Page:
How to Plan Out Your Vegetable Garden

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In most areas of the country, we are still embracing the wild weather of winter transitioning into spring. As I type this, it is snowing outside. Thankfully, the time to plant seedlings is coming closer, fast!

I look forward to this time of year. There is something so refreshing and rejuvenating about working in the dirt, even if it is inside. It reminds me that winter doesn’t last forever, Thank God! Spring is a time of new life and birth from our gardens. It is time to prepare!

One of the top questions I asked is how I plan my garden. How do I know what to grow? And, most importantly, how do I know when to plant everything? I’m going to take you step by step through my process. Just promise not to laugh at my drawing skills, okay?


My first step is to think about what our family consumes on a regular basis. What veggies do I purchase every week at the store? Do I purchase certain frozen veggies and canned goods? Then, I think about what I need to grow to replace those items.

For our family, we grow quite a huge variety. While I have listed just tomatoes, I grow, on average, five to seven different types of tomatoes. I grow over seven varieties of peppers.

Once I have my list ready, I draw out my garden, such as the one pictured above. It is a rough sketch and it doesn’t indicate the actual amount of plants that I will grow of each. However, it gives me a way to organize it all in my mind.

Next, I order my seeds. Who doesn’t love to buy seeds? I purchase all of my seeds from Baker’s Creek Heirloom Seeds. They are fantastic and worth every dollar! When my seeds arrive, it is like Christmas!


We have the seeds and the general idea of where to plant everything. Next comes the big when to start planting.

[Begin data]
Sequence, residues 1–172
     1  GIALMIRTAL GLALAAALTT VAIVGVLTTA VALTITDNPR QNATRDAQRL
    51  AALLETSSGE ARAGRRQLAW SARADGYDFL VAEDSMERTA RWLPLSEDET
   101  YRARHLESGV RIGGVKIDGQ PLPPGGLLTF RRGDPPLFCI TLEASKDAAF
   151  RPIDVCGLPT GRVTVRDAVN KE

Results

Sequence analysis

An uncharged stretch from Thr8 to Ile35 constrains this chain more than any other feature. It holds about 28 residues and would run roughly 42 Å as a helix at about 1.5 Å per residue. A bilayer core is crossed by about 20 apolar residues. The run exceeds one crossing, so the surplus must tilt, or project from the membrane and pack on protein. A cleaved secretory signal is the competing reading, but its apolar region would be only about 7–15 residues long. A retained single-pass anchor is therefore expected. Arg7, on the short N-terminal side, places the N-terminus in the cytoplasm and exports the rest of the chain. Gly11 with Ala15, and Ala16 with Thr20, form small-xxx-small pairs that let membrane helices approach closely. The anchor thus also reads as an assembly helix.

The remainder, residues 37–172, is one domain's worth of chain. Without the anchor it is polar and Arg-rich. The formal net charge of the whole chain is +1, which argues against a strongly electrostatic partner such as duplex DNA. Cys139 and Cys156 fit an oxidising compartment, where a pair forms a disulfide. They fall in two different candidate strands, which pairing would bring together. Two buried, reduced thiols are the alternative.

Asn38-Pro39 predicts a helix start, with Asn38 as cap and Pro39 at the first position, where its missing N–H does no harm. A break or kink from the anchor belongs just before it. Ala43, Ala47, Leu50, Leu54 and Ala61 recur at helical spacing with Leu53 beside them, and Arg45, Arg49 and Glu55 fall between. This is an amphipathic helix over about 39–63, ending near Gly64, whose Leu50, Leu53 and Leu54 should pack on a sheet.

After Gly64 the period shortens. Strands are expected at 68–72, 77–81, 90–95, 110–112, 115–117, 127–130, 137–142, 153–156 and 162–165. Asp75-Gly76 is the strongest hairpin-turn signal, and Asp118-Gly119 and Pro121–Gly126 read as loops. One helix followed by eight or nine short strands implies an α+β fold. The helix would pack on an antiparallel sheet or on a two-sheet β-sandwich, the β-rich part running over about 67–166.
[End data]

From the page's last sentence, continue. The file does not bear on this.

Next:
The USDA split up the USA into Hardiness Zones. You can discover yours, which indicates your first and last frost date each year. Remember, it is an average. there is no 100% foolproof way to know when the last frost will take place.

Here are my steps to determine my gardening plan.

  1. Many plants need to be started indoors 8 to 9 weeks before the last frost date. I count backwards from that date and mark that as the general time to start my indoor seedlings.
  2. Four weeks before the last frost, there are certain plants ready to go outside, such as cabbage and broccoli. Mark this date on your calendar. This is also a good time to start your potatoes!
  3. Next, certain plans can be directly sown into the garden beds two weeks prior to your last frost date, such as peas, carrots, radishes and lettuce. At this time, I also start my zucchini seedlings. You don’t want them to become root bound in the containers, so don’t start too soon.
  4. Finally, you have reached the last frost date! At this time, it is safe to set out the rest of your seedlings, like the tomatoes and peppers. Also, you can directly sow plants like corn, cucumbers and beans.


Gardening is, generally, forgiving. If you don’t have the perfect dates, everything will work out fine in the end. To avoid stress, take an hour and plug in the dates on your calendar. It is really just that easy!

For all of my new gardeners,  I hope this was helpful! Coming up in the next week or so, we will talk about how to start seedlings on a budget! Stay tuned!



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